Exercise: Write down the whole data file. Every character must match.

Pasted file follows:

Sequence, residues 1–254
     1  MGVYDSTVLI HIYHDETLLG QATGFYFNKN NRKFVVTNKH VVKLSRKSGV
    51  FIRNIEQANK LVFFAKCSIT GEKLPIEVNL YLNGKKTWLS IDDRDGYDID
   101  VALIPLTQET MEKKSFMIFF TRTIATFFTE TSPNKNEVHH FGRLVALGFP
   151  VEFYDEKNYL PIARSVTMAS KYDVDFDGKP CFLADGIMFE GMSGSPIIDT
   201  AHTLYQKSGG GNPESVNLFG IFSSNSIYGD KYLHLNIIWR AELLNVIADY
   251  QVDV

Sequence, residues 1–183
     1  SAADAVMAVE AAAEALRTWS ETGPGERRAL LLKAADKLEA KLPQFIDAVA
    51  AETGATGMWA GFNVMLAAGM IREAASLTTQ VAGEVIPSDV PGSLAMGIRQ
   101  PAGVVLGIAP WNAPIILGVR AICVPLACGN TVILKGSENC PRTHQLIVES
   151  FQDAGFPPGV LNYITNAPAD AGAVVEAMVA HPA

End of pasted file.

Sequence, residues 1–254
     1  MGVYDSTVLI HIYHDETLLG QATGFYFNKN NRKFVVTNKH VVKLSRKSGV
    51  FIRNIEQANK LVFFAKCSIT GEKLPIEVNL YLNGKKTWLS IDDRDGYDID
   101  VALIPLTQET MEKKSFMIFF TRTIATFFTE TSPNKNEVHH FGRLVALGFP
   151  VEFYDEKNYL PIARSVTMAS KYDVDFDGKP CFLADGIMFE GMSGSPIIDT
   201  AHTLYQKSGG GNPESVNLFG IFSSNSIYGD KYLHLNIIWR AELLNVIADY
   251  QVDV

Sequence, residues 1–183
     1  SAADAVMAVE AAAEALRTWS ETGPGERRAL LLKAADKLEA KLPQFIDAVA
    51  AETGATGMWA GFNVMLAAGM IREAASLTTQ VAGEVIPSDV PGSLAMGIRQ
   101  PAGVVLGIAP WNAPIILGVR AICVPLACGN TVILKGSENC PRTHQLIVES
   151  FQDAGFPPGV LNYITNAPAD AGAVVEAMVA HPA